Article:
BRUSSELS – Drug trafficking and use across the European Union are returning to pre-pandemic levels, according to the latest report published by the bloc's drug agency on Tuesday.
As COVID-19 restrictions and increased border controls have been relaxed on the continent, the EMCDDA said drugs are available in large quantities in the region, and in some cases above pre-pandemic levels.
Hundreds of drug production laboratories are being dismantled, and new psychoactive substances are appearing in the bloc every week. In 2021, 52 new drugs were reported for the first time, the agency said.
“For me, the take-home message that stands out from our analysis of drug trends in 2022 can be summarized as ‘Everywhere. Everything. Everyone,’" said the agency director, Alexis Goosdeel.
About 83.4 million people aged 15-64 in the EU, or 29% of that population, are estimated to have ever used an illicit drug, with more men than women reporting use.
The agency said cannabis remains the most popular substance, with over 22 million people reporting its use in 2021, ahead of cocaine, MDMA and amphetamines. Some 1 million Europeans used heroin or another illicit opioid. An estimated 5,800 overdose deaths occurred in the EU in 2020, the most recent year for which that figure was provided.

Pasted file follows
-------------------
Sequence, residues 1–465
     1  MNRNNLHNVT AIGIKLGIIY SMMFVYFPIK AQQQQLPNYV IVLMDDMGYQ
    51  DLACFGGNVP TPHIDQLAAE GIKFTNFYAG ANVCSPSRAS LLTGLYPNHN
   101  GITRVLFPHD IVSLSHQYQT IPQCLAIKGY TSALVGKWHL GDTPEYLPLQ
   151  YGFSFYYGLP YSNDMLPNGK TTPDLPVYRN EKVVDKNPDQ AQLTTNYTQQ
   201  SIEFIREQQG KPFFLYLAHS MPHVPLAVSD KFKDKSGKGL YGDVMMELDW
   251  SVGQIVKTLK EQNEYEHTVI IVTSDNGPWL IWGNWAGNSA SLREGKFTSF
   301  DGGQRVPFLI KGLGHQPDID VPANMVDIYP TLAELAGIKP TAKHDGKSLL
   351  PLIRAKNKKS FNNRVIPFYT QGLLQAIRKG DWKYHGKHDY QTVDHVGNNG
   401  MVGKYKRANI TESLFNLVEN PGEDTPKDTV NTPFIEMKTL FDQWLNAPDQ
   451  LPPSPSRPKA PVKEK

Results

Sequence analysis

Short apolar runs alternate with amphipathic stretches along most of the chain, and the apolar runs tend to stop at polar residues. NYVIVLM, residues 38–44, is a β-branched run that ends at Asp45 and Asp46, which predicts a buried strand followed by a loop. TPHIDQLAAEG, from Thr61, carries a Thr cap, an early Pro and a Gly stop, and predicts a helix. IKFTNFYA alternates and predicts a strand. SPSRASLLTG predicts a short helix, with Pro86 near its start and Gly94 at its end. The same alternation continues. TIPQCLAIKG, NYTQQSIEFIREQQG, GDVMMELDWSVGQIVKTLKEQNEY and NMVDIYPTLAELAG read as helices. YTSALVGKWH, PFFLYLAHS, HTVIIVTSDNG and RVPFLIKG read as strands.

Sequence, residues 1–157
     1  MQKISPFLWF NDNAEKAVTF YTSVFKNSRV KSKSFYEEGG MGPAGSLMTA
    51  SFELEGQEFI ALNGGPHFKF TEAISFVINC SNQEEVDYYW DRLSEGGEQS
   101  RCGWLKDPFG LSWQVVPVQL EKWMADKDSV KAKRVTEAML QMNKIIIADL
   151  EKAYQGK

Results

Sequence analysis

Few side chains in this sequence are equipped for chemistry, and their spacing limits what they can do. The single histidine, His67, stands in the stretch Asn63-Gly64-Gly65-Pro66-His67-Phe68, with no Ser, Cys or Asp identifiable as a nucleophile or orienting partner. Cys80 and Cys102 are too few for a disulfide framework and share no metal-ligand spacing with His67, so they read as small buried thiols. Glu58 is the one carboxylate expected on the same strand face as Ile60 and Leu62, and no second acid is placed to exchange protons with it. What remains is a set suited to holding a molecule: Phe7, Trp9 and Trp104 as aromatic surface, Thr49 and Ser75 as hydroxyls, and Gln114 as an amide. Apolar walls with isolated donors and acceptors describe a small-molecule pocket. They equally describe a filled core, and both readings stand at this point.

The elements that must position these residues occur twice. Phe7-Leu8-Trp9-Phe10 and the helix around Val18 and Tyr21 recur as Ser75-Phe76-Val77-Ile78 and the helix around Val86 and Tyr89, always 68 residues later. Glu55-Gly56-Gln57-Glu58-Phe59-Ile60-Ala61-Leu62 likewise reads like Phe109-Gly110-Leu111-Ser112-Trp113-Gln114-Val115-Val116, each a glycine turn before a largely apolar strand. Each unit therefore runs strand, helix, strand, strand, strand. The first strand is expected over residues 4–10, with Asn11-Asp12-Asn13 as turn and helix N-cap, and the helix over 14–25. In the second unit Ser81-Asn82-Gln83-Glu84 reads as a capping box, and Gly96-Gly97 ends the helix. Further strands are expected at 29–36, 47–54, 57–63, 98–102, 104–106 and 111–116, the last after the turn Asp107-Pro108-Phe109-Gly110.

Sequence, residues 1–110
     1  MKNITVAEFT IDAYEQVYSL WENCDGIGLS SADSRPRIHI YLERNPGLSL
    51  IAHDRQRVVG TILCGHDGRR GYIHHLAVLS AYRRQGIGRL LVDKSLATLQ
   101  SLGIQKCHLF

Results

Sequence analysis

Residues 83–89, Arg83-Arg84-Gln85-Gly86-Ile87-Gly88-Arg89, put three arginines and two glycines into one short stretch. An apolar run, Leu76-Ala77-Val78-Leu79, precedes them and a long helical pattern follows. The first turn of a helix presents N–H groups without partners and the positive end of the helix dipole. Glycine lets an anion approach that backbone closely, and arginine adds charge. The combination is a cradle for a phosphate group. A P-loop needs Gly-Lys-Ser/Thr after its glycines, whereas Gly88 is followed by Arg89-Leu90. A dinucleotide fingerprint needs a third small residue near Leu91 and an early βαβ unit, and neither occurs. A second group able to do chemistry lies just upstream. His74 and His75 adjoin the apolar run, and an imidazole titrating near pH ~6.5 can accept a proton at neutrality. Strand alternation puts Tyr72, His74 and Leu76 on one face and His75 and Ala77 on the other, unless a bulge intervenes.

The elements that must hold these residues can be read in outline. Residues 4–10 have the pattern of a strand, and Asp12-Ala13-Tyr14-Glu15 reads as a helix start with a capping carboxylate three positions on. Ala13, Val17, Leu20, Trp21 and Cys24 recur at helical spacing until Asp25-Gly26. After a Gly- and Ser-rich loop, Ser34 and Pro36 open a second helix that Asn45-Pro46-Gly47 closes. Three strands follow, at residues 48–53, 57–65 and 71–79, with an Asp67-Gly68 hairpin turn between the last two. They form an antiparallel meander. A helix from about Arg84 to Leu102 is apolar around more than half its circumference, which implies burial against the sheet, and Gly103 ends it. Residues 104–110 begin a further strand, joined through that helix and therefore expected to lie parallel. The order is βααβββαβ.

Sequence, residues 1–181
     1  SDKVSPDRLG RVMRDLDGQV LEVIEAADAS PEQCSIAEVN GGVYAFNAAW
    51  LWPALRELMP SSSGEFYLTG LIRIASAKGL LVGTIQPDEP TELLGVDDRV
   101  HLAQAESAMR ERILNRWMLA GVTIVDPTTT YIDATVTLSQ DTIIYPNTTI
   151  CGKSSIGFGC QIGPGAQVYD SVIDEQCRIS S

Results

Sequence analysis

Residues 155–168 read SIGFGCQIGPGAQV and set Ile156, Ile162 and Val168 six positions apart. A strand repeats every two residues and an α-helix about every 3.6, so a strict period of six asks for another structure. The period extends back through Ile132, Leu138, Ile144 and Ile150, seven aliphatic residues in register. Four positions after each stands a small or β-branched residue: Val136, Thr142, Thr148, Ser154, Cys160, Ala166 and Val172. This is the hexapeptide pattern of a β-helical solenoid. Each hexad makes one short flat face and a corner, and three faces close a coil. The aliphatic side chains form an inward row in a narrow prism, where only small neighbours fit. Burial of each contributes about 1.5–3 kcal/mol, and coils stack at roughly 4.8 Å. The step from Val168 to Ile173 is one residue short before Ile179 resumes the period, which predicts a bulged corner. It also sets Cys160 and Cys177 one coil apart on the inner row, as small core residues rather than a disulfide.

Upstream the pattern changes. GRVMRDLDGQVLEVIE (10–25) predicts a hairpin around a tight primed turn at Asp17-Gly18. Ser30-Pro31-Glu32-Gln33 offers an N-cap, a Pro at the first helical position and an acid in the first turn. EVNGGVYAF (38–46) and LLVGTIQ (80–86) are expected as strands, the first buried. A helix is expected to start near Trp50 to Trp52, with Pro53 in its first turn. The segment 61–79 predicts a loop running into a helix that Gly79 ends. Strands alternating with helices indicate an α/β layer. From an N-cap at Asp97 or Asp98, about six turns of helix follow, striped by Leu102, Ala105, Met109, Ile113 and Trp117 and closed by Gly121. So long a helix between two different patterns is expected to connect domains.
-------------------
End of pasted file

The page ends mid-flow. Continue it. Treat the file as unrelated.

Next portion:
The report pointed to an increased use of social media applications and encrypted messaging services to get access to products during the pandemic, a model that is likely to persist.
The agency said last month that record amounts of cocaine are being seized in Europe while manufacturing of the drug is now taking place inside the the EU.
While the agency said it's too early to assess the impact on heroin trafficking of the return to power of the Taliban in Afghanistan, the agency noted it could lead to an increase. According to the report, poppy cultivation continues in the country despite a ban on production and sale.
“The country’s current financial problems might make drug revenues a more important source of income," the report said.
The report also looked at the war in Ukraine, noting that the conflict could have consequences for smuggling routes.